Serving the Poor with Dignity
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For a Houston biochemist, missionary discipleship is his true vocation.

Mesias Pedroza has not forgotten the missionary heart of the late Maryknoll Father Gerald Kelly, a mentor who still guides him every day to serve God through others.

Pedroza has an extensive track record serving the poor of Houston, Texas, and other communities, and the seed of his concern for those less fortunate was instilled in him from childhood.

Pedroza was born in Chicago, Illinois, but when he was 3 years old, his parents took him and his three siblings to Mexico to immerse them in their culture, language and faith. He recalls a childhood full of good memories, but many challenges as well. His parents sacrificed to give their children the best they could, including a Catholic education. After a few years in Mexico, his father and brother returned to the States to better provide for the family. 

“We were poor and had to borrow money to be able to eat,” Pedroza says, “but we were enriched by my family’s instruction. From my mother, Guadalupe, I learned charity and prayer, and to share a loaf of bread with those whose needs were greater than ours. My mother used to say: ‘Here, take this bean taco to Mr. Marquitos,’ because even though he was homeless, he deserved to be treated with respect and dignity.”

When the young Pedroza was 14, he and the rest of his family returned to the United States and reunited with his father and brother in Houston. He still had two more years of high school to finish, but it took him five years to do so.

Christie (left), the wife of Mesias Pedroza, engages in recreational activities with a nursing home resident. The visit is part of Matthew’s Family Ministries, run by the young couple.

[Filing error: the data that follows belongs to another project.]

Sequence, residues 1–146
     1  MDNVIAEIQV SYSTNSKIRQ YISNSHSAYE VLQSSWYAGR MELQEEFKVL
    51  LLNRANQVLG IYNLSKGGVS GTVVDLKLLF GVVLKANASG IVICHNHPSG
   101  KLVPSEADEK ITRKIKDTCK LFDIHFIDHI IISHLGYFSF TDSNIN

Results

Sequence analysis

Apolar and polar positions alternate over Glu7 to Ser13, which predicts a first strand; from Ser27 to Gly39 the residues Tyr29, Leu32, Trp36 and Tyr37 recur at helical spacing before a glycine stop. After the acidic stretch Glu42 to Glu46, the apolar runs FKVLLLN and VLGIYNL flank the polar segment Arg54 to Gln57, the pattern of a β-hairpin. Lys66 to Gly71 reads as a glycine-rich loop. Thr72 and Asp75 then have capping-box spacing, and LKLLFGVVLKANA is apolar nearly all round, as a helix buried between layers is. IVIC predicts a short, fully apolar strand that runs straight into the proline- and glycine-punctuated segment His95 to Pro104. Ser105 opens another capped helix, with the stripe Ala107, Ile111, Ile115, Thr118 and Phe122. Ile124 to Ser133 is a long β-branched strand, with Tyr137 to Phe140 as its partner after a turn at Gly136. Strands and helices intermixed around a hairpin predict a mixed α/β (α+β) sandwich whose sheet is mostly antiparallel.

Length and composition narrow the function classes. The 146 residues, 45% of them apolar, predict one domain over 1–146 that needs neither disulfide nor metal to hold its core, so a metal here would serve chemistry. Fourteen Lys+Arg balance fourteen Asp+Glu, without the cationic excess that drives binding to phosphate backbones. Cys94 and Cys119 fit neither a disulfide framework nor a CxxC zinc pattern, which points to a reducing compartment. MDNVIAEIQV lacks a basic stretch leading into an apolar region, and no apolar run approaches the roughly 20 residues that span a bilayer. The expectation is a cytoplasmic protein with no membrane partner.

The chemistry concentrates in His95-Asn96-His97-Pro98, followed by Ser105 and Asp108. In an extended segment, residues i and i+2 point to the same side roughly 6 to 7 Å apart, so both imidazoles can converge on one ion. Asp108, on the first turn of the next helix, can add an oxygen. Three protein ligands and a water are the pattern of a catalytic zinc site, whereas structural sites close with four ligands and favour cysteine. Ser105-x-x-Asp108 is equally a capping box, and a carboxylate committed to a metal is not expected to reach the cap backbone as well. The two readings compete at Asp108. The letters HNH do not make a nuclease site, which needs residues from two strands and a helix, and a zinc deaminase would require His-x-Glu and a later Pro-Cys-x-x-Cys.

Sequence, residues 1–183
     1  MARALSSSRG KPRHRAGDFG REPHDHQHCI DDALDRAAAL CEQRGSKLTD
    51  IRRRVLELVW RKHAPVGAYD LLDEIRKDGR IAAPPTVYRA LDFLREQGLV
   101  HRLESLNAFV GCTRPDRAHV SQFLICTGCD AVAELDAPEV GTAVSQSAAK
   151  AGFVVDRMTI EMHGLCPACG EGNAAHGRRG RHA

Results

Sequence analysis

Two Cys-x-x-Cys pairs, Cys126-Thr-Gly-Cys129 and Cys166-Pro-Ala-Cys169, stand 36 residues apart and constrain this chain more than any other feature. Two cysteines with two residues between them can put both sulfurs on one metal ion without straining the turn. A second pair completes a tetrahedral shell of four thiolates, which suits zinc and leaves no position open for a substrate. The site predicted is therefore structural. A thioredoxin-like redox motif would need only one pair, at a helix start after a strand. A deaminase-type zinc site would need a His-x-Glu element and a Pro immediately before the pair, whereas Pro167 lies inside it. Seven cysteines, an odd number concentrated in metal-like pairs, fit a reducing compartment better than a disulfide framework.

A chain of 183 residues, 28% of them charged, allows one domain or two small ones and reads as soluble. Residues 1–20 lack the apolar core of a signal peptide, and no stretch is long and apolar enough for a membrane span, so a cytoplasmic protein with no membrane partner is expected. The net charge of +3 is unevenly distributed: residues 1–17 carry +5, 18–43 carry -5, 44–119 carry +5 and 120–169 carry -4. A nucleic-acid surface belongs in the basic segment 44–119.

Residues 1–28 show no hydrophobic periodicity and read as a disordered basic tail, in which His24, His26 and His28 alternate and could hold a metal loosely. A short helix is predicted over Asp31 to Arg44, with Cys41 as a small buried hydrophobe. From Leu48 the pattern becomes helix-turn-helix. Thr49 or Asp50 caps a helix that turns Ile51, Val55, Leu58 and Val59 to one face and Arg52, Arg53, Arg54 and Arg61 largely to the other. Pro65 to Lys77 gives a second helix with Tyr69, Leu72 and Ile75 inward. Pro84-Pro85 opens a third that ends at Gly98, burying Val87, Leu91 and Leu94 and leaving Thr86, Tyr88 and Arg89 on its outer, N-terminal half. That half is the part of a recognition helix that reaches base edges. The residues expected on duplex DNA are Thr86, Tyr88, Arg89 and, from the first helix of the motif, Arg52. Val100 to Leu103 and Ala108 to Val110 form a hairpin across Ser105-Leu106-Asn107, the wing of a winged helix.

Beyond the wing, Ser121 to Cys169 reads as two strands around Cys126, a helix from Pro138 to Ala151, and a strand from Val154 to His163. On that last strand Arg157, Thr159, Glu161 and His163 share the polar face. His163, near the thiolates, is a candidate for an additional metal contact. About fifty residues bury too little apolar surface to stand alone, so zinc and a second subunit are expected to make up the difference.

Christie (left), the wife of Mesias Pedroza, engages in recreational activities with a nursing home resident. The visit is part of Matthew’s Family Ministries, run by the young couple.

“I felt alien to a new culture and language and to the country of my birth,” he says. “I got together with other newly arrived students and fell under some bad influences that led me to rebel. I left school for three years.” He continues, “Nonetheless, during those rebellious years, the presence of God surrounded me. I knew God was watching me, unhappy with my behavior. Finally, I told him, ‘If you guide me, I will change.’”

In 2002, Pedroza finished high school. Before starting university, he deepened his process of introspection, asking himself, “Why did God bring me into the world?” One day, he heard the priest at Saint Charles Borromeo parish in Houston announce they were looking for someone to take charge of the food pantry. Pedroza volunteered. “It was an awakening,” he says. “I felt a calling from God to help the poor.”

While fulfilling his commitment to help others, Pedroza earned a bachelor’s degree in biotechnology from the University of Houston and then a doctorate in biochemistry from the University of Texas Health Science Center in Houston.

In 2010 Pedroza was invited to attend the Youth Mission Encounter — Encuentro Misionero Juvenil (EMJ) in Spanish — in Houston. There he met Father Kelly, who was fundamental in the creation of the EMJ, a gathering of various Spanish-speaking mission groups that create awareness and promote missions both locally and abroad.